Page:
me of the bloom and beauty of my wifely purity. It
zuas II Bey, the son of the Kaimakam (the loeal
40 TPie Crisis in Turkey.
Turkish Governor residing in the village). It zvas in
the evening betiveen six and seven o'clock. I zvas en-
gaged in my household zvork. I stepped outside the
door, when I suddenly found myself in the grasp of
four men. They smothered my cries and threatened
my life, and by force carried me off to a strange house.
Oh, tvhat black hours zvere those till the sxveet light of
the sun once more arose ! Though this is zvrittcn
%vith ink, believe me, it is zvrittcn in blood and
No. 1 8.
[The following letter was written from an entirely
different part of Turkey from the preceding letters.
It is a region far remote from the massacres, and yet
indicates a state of affairs that is deplorable. The
writer is not an American nor is he a native of
Turkey ; he has spent several years in that country
and is a man in whom all would have the highest
confidence were we at liberty to give the name.]
H . . ., Jan. II, 1895.
Those cordons and quarantine, together with the
extraordinary precautions, taken by the hitherto im-
movable Turk, with regard to cholera that was still
far away and in an entirely different direction, were
a mystery to all, although every person knew that
the ostensible purpose was not the real one. Now
that the tidings from Moosh have come in, the mys-
A Chapter of Horrors. 4 1
tery of the series of cordons between here and Har-
poot is explained. There is very strong evidence
that a general massacre or a series of massacres of
Christians has been understood by the local govern-
ments to be the order of the day. It is not likely
that a definite order to that effect has been given
out from the Capitol, but multitudes of recent events
go to show that the everlasting persecutions and
annoyances, and the methods used in past times to
grind down the Christians, have come to be regarded
as insufificient. Everywhere there is an activity, a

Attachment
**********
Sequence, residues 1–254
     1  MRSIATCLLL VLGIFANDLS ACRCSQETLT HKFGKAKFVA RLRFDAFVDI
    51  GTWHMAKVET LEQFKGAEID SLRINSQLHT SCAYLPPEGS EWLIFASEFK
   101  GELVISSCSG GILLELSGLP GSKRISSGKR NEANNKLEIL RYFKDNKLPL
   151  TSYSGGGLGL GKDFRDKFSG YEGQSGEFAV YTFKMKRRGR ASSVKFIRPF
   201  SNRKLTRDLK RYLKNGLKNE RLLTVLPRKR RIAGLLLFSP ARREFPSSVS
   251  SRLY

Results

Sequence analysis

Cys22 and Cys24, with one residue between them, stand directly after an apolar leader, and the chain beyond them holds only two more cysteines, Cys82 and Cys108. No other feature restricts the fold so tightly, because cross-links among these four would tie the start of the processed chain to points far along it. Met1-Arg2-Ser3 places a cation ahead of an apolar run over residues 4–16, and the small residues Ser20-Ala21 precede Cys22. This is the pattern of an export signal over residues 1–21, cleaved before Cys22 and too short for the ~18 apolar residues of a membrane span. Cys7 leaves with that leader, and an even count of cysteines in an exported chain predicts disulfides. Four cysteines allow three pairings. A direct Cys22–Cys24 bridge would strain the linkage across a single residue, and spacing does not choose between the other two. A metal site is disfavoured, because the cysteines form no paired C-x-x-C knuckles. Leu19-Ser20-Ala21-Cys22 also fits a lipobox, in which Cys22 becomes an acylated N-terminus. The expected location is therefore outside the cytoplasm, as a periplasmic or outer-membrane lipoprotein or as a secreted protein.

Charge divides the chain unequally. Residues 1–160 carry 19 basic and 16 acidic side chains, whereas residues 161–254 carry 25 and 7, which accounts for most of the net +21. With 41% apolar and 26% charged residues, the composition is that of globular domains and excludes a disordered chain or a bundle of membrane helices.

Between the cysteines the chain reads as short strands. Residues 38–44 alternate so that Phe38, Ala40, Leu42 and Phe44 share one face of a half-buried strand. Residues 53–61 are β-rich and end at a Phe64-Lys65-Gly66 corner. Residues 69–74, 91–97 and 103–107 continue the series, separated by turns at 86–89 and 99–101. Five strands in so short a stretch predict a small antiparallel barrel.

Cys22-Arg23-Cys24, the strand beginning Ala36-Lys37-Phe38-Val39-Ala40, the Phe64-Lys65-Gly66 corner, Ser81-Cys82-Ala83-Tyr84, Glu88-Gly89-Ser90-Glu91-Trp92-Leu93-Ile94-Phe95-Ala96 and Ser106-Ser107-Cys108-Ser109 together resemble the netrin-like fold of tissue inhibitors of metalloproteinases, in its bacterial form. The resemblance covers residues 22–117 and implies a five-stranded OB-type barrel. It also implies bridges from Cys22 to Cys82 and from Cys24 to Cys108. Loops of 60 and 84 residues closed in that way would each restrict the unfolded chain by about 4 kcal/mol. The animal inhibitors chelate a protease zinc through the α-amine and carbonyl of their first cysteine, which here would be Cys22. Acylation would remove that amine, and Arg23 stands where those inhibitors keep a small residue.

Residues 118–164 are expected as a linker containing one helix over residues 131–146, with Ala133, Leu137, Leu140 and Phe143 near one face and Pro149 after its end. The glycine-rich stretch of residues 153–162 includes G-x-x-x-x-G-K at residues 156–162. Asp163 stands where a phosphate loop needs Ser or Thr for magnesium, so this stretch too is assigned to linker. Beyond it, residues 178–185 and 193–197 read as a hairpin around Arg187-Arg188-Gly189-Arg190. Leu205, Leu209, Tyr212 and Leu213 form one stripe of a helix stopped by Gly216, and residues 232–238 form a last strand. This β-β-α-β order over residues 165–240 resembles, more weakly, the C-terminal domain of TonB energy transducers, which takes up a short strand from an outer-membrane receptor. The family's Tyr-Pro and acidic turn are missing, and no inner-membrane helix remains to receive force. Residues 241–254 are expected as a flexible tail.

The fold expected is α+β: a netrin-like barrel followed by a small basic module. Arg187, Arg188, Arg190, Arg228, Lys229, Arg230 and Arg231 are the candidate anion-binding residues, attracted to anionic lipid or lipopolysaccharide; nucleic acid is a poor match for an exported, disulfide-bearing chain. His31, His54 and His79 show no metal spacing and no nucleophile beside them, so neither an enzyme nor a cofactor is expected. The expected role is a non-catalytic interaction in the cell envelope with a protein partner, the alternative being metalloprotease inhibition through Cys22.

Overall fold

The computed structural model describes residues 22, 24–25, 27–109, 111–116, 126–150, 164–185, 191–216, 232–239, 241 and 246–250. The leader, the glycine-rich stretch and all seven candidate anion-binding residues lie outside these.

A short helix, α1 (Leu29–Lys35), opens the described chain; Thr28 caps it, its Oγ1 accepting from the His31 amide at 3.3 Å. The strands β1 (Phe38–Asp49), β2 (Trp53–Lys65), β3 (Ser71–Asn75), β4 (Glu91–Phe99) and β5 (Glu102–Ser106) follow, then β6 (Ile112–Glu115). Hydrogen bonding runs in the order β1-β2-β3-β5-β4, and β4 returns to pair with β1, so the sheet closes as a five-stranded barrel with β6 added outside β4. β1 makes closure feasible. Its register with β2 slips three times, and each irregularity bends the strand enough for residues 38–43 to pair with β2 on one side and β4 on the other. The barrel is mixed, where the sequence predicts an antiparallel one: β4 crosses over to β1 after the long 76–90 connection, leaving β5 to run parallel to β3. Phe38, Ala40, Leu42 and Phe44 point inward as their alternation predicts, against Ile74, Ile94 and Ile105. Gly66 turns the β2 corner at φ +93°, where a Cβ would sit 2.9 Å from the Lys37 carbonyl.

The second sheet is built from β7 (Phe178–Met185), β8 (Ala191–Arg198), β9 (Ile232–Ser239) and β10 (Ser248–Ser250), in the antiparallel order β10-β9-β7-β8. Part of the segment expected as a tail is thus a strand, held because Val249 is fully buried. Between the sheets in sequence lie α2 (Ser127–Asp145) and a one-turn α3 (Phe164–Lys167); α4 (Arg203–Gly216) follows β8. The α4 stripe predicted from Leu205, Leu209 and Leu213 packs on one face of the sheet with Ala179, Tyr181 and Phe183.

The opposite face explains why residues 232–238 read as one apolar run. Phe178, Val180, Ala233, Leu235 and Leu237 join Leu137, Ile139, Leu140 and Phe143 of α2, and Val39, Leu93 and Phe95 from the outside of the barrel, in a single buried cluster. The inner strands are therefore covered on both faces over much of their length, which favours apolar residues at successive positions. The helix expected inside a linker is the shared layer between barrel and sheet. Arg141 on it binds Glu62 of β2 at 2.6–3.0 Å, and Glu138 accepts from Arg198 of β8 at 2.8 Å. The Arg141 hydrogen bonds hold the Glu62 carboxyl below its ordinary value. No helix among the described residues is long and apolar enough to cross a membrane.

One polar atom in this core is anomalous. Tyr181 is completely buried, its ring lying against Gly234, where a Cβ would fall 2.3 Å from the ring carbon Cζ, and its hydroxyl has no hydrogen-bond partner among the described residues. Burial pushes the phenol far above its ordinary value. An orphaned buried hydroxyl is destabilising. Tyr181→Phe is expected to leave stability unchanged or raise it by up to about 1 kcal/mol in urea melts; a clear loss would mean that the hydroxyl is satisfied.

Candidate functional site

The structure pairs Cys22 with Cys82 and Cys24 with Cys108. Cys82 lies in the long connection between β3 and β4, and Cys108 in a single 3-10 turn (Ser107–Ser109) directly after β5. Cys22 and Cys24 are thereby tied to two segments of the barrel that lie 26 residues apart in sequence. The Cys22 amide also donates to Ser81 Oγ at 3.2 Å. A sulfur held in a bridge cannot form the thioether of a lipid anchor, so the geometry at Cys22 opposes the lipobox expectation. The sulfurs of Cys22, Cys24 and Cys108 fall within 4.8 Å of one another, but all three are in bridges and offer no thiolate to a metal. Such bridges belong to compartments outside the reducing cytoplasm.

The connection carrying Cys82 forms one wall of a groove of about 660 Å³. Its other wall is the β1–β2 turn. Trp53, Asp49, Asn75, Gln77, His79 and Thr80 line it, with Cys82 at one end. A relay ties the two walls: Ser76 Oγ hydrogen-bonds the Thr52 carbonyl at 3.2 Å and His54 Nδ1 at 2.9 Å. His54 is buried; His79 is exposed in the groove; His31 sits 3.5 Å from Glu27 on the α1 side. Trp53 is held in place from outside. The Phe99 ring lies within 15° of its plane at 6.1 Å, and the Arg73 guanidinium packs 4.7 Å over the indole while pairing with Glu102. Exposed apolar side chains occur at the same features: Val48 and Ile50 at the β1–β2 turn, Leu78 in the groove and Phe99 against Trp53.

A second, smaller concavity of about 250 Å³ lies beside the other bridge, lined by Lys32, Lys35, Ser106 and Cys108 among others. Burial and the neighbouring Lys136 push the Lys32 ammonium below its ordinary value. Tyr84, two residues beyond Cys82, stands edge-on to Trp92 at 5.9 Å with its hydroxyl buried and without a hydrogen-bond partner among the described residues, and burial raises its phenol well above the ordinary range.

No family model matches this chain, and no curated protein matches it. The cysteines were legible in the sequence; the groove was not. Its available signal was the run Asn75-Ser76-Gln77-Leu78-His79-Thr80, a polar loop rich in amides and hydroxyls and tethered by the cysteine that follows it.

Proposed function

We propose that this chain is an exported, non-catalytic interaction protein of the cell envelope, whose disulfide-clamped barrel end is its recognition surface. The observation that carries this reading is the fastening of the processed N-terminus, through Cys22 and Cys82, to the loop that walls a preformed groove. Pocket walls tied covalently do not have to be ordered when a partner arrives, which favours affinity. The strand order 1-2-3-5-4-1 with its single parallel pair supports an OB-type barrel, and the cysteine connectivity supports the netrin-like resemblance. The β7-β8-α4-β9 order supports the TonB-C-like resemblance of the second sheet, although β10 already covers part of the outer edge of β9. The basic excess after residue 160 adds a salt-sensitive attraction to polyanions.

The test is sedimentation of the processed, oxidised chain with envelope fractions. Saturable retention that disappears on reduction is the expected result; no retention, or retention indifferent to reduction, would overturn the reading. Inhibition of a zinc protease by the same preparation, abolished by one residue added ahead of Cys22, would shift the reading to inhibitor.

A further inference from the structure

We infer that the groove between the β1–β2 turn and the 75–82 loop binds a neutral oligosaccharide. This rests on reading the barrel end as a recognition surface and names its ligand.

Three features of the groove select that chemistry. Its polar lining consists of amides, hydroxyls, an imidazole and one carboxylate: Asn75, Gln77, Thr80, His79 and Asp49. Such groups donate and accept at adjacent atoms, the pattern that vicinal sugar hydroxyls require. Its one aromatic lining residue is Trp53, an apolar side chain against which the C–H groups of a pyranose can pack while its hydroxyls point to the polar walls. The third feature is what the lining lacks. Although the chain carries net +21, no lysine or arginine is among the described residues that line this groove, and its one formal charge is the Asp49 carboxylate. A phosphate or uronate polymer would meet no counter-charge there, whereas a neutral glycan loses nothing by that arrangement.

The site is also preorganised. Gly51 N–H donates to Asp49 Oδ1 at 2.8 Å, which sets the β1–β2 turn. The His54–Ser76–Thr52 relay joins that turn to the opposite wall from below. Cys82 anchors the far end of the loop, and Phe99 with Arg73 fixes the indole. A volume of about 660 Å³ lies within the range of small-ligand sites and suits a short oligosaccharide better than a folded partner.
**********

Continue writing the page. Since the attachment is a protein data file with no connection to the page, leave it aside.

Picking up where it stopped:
watchfulness, and an energy displayed by the gov-
ernment in the recent efforts to encompass the
Christians and to cut off their name and existence,
that point to a newly formed plan to be put into ex-
ecution with as little waste of time as possible. Woe
to the poor remnant in this land if the European and
American governments disregard recent events in
Turkey ! Christian nations in that case, even if they
do not directly participate in what will certainly fol-
low sooner or later, cannot be held guiltless of the
blood of their fellow-men. . . .
Another case in which I was concerned has gone
the same way. Last spring a Protestant woman in
Y. was assaulted and violated by three Turks. They
were tried in F. and found guilty ; but that infamous
court in S., under the influence of the still more
infamous iMuti'sarif (Governor), having rccentl}'
reviewed the case, reversed the original judgment
and released the guilty. There is no remedy. No
appeal can be made. The only thing that can be
done is to prosecute the court in S., but that, in the
42 The Crisis in Turkey.
present state of things, would be utterly useless.
The result will be that such crimes will become more
frequent than ever â€” the perpetrators feeling confi-
dent that there is very little likelihood of punishment
being meted out to them.
The government pretends to look with special
suspicion on H. just now. The F^/z (Governor-Gen-
eral) claims there are secret societies here. I told
him there is nothing of the kind in H. now. The
poor people are afraid to open their mouths or to go
out of their houses. You can scarcely conceive the
change that has come over the people within the past
few months. Terror and amazement have taken
hold of them to such an extent as to become mani-
fest in their countenances even. All arms and
weapons are being taken from the people here these
The Kainiakani (local Governor) and other oflficers
walk the streets and the K. road every night.
Attempts have been made by officers and soldiers
to draw Christians into a quarrel, but they have
hitherto failed. One night this week, the Commis-
saire (Chief of Police) without any provocation fired
three times at a Christian, but the other offered no
resistance. Moslem officers are taking possession of
the property of Christians and doing just as they
please without regard to law or justice.
The church and school in O. have been closed
and for two months now the people have not been
allowed to come together for worship. They are
forbidden even to have prayers offered in their
GENERAL INFORMATION ABOUT EASTERN
IN order that the ordinary reader may grasp the
situation in Arnaenia, information is given at
this point in regard to the country itself, its ad-
ministration, the elements that compose the popula-
tion, and their relations to one another.